While you're checking your stocks on your iPhone and daydreaming about what Frank Underwood will be up to on "House of Cards" later this month, consider this: More than 3 billion people on Earth still have no or poor access to the Internet.
Whoever figures out a way to get those billions online will likely have created a profit gold mine.
Elon Musk, of Tesla Motors Inc. (Nasdaq: TSLA) electric vehicles and SpaceX rockets fame, thinks he has the solution: a network of hundreds of low-orbiting satellites that will deliver high-speed, low-cost Internet to the most remote places on Earth.
Today, I'm going to show you how to profit from a company already helping to make Musk's latest dream a reality. Because he's not going to be able to build this "Space Internet" alone.
But that's just a piece of one of the biggest puzzles going in today's stock market. This tech company has made a series of moves that don't seem to fit together – but I see them playing out into a smart investment that will make shareholders major dollars over the long term.
It's got Wall Street perplexed.
However, I'm an expert "jigsawer" – and today we're going to solve this puzzle together…
Putting It All Together
Times like these make me glad I spent so many hours as a kid putting together jigsaw puzzles at the kitchen table with my mom and grandmother.
As a challenge – and to make it more fun – we never looked at the picture on the puzzle box before we finished. We considered that "cheating."
In other words, we had to make sense of the all the pieces on our own.
And over the past few years, many of the moves from Google Inc. (Nasdaq: GOOG, GOOGL) – driverless cars, robotics, wearable technology, life-extension healthcare, and now satellites – have seemed like so many jigsaw-puzzle pieces dumped on the floor.
While many on Wall Street couldn't see it, Google was laying out its vision for the future – if you knew what to look for.
I have to admit. I had trouble seeing it at first, too.
But last fall, when Google signed a $1.16 billion, 60-year lease to take over NASA's Moffett Airfield in Silicon Valley, it started to come together for me.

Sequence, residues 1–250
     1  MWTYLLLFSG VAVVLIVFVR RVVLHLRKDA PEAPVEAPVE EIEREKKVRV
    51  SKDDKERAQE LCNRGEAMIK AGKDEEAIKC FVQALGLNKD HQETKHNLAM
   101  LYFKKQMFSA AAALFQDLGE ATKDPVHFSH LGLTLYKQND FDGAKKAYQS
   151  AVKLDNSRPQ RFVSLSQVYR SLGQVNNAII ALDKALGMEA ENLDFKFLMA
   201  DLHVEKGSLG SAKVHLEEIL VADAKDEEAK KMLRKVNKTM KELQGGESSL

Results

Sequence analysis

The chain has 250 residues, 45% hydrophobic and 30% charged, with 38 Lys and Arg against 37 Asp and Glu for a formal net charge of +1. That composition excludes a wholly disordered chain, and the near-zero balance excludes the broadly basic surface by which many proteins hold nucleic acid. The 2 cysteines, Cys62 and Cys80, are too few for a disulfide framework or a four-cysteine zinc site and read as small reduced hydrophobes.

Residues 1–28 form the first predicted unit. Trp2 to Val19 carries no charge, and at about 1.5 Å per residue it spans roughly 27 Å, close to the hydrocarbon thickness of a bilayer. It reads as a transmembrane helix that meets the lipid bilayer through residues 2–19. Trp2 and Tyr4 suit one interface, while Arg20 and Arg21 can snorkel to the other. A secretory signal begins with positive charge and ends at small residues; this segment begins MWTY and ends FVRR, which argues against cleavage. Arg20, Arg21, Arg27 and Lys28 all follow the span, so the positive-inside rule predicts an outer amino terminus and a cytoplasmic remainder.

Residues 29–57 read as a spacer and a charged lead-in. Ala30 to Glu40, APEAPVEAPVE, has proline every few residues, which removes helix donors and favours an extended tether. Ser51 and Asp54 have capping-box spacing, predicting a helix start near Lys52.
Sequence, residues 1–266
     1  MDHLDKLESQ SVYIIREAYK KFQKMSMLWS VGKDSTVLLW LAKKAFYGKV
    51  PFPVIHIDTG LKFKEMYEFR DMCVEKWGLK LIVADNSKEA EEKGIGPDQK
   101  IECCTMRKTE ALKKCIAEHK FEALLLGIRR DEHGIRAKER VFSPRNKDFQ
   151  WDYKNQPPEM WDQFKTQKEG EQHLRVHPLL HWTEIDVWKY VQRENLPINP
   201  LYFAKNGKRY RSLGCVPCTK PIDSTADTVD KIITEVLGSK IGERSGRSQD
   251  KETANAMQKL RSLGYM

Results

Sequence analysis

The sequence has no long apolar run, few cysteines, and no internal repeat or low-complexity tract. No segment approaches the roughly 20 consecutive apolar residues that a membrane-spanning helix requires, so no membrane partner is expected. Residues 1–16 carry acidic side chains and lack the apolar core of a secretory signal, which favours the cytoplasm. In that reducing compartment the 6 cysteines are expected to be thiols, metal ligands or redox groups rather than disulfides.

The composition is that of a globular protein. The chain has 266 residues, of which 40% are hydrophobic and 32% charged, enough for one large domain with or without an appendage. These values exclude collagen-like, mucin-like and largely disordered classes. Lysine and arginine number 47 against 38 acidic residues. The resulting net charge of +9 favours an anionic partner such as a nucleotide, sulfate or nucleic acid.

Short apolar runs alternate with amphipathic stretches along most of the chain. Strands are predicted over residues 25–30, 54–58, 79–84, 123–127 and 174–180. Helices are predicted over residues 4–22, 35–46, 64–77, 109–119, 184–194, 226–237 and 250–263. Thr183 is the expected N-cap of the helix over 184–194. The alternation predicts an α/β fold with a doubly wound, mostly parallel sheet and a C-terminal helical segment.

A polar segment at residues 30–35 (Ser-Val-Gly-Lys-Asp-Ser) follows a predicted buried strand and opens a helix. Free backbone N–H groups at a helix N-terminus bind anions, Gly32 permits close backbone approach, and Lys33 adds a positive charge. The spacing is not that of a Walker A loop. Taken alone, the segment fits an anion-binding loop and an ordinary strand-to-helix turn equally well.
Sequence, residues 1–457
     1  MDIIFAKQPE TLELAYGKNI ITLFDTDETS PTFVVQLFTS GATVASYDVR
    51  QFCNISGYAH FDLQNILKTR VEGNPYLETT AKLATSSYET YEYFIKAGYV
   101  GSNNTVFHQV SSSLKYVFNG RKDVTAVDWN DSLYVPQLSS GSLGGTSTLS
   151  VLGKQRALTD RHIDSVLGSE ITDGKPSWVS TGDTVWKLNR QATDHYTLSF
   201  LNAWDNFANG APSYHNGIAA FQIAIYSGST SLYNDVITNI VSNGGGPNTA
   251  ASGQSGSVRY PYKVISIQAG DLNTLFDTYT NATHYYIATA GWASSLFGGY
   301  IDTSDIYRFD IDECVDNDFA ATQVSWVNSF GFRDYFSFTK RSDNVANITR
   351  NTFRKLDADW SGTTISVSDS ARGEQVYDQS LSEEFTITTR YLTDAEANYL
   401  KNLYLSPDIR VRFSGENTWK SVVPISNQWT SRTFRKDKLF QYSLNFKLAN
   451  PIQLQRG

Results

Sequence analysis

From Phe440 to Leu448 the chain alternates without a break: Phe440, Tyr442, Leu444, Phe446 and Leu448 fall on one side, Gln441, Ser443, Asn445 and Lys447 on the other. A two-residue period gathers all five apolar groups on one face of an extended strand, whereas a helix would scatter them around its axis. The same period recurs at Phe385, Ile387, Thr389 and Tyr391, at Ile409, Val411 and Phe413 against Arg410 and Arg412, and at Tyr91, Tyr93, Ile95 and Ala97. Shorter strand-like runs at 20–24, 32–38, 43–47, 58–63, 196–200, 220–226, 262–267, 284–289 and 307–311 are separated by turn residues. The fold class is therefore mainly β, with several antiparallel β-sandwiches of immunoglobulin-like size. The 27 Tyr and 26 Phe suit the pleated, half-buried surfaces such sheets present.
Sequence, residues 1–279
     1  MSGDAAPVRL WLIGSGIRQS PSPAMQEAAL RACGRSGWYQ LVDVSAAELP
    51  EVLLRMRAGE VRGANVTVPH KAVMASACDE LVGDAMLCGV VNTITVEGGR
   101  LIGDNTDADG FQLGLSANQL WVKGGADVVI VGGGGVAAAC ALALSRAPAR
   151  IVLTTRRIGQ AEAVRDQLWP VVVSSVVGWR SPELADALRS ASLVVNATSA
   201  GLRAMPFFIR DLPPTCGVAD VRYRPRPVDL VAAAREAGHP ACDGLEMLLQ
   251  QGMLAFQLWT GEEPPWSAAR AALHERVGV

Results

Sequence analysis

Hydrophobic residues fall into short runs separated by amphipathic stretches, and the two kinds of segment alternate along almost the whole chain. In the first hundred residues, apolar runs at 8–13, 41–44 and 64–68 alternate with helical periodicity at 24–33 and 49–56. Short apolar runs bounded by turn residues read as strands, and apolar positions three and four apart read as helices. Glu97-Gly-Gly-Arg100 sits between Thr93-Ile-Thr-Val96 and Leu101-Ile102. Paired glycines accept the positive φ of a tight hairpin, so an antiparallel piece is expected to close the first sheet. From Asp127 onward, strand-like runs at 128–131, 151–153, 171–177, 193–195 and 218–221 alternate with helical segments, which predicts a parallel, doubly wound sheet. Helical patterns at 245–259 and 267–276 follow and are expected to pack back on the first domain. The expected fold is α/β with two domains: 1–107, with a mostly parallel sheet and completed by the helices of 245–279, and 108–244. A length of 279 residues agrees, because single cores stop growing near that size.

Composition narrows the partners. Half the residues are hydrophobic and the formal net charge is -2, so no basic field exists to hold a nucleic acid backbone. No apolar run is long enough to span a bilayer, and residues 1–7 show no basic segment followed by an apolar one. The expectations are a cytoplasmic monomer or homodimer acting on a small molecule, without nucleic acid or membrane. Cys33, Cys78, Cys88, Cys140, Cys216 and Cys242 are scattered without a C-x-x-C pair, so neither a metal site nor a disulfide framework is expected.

Google is sidestepping around the tech sector's latest squabbles and trends and is building the ultimate conglomerate of the near future.
Wall Streeters might see Google's moves beyond online search and mobile advertising as distractions and "pet projects" of the company's starry-eyed executives.
But really, these moves into robotics and satellites arise naturally from Google's constant innovations in its current operations – and they will form the heart of the franchise going forward.
Now you know why I've told you folks to think of Google as the ultimate ETF on futuristic technology – but one that throws off enormous free cash flow and profits today.
About the Author
Michael A. Robinson is Defense and Tech Specialist for Money Map Press. He is a 36-year Silicon Valley veteran and one of the top technology financial analysts working today. That's because, as a consultant, senior adviser, and board member for Silicon Valley venture capital firms, Michael enjoys privileged access to pioneering CEOs, scientists, and high-profile players. And he brings this entire world of Silicon Valley "insiders" right to you...
- He was one of five people involved in early meetings for the $160 billion "cloud" computing phenomenon.
- He was there as Lee Iacocca and Roger Smith, the CEOs of Chrysler and GM, led the robotics revolution that saved the U.S. automotive industry.
- As cyber-security was becoming a focus of national security, Michael was with Dave DeWalt, the CEO of McAfee, right before Intel acquired his company for $7.8 billion.
This all means the entire world is constantly seeking Michael's insight.
In addition to being a regular guest and panelist on CNBC and Fox Business, he is also a Pulitzer Prize-nominated writer and reporter. His first book Overdrawn: The Bailout of American Savings warned people about the coming financial collapse - years before the word "bailout" became a household word.
Silicon Valley defense publications vie for his analysis. He's worked for Defense Media Network and Signal Magazine, as well as The New York Times, American Enterprise, and The Wall Street Journal.
Michael is 100% independent and receives absolutely no compensation from companies he writes about. His ideas are completely his own.
So, it probably goes without saying that you won't ever be left in the dark about breaking innovations, ahead-of-their-time technologies, and breakout companies on the cusp of changing the world once you join this world.